I have had a grid tied solar system for over 20 years and slowly added capacity to the point where I produce more than I need on a yearly basis and it goes into a surplus account that I use to run a minisplit for heating. The big thing before considering grid tie is if your state and more important your utility is "solar friendly". In some cases, states allow utilities to be "solar unfriendly" where in the worst case, they prevent you from hooking up to the grid or steal any excess power. In my case I am on a "grandfathered" rate plan that is no longer available to new customers that is hard to beat, I basically use the utility as a battery with no surcharges. New installations in my state, NH, are still okay but it allows the utility to buy back surplus power at a big discount to what its selling power for and turns it into a cash credit. Most programs are set up that once you connect the system the rate plan is locked in for the life of the system, but some states make changes retroactively.  I have not looked into the details, but California reportedly has made a big negative change for new solar installations basically forcing a battery installation to shift power usage.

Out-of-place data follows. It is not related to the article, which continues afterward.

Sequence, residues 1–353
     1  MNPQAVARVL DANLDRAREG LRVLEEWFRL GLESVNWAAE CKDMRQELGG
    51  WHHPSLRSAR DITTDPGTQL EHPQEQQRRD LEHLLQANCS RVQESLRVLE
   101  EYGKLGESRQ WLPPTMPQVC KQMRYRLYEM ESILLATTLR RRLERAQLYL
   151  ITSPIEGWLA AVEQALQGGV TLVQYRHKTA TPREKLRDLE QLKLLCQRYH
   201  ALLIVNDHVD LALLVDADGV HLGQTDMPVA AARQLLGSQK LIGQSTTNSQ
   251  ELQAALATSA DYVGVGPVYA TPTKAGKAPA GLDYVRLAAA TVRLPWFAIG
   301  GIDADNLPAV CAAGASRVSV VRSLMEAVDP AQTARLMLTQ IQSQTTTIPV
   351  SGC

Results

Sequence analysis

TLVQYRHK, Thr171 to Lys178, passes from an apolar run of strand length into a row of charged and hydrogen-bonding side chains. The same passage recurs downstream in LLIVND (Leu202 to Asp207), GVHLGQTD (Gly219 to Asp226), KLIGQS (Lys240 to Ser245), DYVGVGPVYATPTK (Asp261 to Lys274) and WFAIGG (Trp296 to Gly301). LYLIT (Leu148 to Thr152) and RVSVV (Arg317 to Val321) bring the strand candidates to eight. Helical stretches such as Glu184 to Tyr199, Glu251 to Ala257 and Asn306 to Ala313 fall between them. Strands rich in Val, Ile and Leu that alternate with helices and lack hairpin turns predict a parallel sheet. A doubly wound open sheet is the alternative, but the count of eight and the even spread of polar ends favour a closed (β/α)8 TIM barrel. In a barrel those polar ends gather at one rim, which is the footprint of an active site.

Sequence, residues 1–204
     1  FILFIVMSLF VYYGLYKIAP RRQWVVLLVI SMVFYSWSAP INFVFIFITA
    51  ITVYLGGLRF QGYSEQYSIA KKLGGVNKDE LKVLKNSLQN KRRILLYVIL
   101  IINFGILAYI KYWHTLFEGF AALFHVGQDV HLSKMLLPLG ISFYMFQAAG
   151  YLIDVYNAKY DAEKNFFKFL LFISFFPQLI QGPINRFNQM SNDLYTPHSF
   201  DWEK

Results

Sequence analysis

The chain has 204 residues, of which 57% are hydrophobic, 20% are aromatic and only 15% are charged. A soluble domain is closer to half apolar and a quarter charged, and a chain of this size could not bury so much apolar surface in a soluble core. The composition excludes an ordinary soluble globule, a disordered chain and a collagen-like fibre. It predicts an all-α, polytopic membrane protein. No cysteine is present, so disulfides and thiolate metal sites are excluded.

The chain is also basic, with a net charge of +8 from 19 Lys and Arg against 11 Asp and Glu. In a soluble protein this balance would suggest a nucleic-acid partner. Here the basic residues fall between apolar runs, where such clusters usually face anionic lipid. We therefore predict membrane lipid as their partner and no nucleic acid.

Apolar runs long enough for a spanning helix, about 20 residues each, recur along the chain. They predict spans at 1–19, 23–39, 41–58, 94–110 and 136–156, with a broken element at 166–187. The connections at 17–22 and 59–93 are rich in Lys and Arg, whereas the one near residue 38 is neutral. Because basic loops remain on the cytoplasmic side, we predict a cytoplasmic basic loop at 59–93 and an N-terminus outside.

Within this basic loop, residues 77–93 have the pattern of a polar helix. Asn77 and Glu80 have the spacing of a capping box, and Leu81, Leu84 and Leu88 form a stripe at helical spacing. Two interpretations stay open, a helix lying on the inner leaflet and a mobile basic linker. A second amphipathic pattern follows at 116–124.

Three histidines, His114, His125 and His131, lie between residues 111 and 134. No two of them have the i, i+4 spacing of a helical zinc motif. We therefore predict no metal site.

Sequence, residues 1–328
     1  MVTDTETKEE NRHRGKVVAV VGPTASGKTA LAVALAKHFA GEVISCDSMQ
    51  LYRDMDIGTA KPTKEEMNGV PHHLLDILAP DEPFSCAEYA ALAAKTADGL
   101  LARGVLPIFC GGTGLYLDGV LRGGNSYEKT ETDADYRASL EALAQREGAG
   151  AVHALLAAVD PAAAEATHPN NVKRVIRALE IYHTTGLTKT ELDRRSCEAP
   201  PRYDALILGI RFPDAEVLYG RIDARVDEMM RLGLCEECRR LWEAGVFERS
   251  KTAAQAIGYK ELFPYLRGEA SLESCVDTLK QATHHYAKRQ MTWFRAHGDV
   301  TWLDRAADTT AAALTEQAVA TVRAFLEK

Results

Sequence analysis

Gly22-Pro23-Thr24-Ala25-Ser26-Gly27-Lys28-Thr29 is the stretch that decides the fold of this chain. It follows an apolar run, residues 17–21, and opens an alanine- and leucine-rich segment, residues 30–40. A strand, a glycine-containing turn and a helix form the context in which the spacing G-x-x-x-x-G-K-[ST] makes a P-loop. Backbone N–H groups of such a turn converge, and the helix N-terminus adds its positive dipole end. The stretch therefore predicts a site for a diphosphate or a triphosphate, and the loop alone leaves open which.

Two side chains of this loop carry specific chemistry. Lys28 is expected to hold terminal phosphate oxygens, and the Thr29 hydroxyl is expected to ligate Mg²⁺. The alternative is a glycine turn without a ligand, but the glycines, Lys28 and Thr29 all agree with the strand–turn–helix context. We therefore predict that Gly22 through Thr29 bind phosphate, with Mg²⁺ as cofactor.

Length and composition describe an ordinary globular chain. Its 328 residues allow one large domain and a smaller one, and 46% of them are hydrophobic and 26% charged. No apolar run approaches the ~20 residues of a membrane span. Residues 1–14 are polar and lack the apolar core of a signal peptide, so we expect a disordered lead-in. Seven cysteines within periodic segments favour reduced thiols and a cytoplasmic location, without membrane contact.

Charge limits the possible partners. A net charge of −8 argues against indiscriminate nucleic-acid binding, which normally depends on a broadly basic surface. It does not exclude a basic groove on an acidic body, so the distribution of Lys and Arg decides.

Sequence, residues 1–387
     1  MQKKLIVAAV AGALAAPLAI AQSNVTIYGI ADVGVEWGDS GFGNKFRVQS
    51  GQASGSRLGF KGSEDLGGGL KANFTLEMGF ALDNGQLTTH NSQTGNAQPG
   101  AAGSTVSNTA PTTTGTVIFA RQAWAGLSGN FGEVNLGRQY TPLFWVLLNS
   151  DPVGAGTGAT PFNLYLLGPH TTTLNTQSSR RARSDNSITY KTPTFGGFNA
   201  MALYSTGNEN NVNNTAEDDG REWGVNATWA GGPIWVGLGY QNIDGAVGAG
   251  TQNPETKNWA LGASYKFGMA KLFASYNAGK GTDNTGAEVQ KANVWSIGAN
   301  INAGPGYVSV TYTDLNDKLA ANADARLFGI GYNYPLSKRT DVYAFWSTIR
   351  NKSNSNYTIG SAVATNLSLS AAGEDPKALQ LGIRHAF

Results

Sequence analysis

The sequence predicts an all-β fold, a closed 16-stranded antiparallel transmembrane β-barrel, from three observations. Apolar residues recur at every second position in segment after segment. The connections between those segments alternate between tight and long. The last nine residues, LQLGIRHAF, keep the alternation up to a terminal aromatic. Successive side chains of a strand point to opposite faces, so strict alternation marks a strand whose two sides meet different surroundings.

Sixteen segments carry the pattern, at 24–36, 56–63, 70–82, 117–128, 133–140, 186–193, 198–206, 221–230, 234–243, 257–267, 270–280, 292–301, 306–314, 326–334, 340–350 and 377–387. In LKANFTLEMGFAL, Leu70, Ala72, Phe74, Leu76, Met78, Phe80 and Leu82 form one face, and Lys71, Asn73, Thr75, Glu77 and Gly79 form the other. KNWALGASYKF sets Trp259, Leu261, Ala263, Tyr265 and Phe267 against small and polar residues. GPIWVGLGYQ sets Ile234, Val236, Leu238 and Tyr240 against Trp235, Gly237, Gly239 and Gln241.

So before going grid tie, its best to design around the utility rate plan. It likely in the future that the plans will be set up to encourage a battery installation. The battery allows the user to shift when they use power over the course of day.  Some utilities will pay the users to install a battery with the proviso that the utility can "borrow" the output to deal with short term grid issues. This is great place to start to look for incentives and it has a built in solar calculator Database of State Incentives for Renewables & Efficiency┬« - DSIRE

Whatever you do avoid creative financing solar, the salesman can be very convincing and work on commission. They make lots of promises but they are long gone as soon as they get a commission check. At a minimum have a lawyer familiar with solar review the contract. Be aware that many plans us backdoor methods of putting a lien on the property and in most cases the landowner will have to pay a high priced ransom to sell their own land or con some new buyer into taking over a bad deal. There are very few folks happy with leased or creatively financed systems a few years out. So if you cant pay cash to own a system, its best to wait and save up. Prices year after year are dropping for systems and most expectations are they will continue to do so.

If you are considering solar a somewhat dated but still very useful book to buy used on Amazon is Solar Power Your Home for Dummies. It basically will get you to understand the language. Solar is not that complicated, I designed and installed three of my systems myself. The problem is it has got its own rules and terms so a salesman can overwhelm you with BS and make you think he is doing you a favor by translating it (but his translation is biased towards his commission).

Lots of hobbyists are building completely off grid systems, unlike grid tied solar which is almost "plug and play", off grid is not, and what may be state of the art today may be unsupported and orphaned a year from now.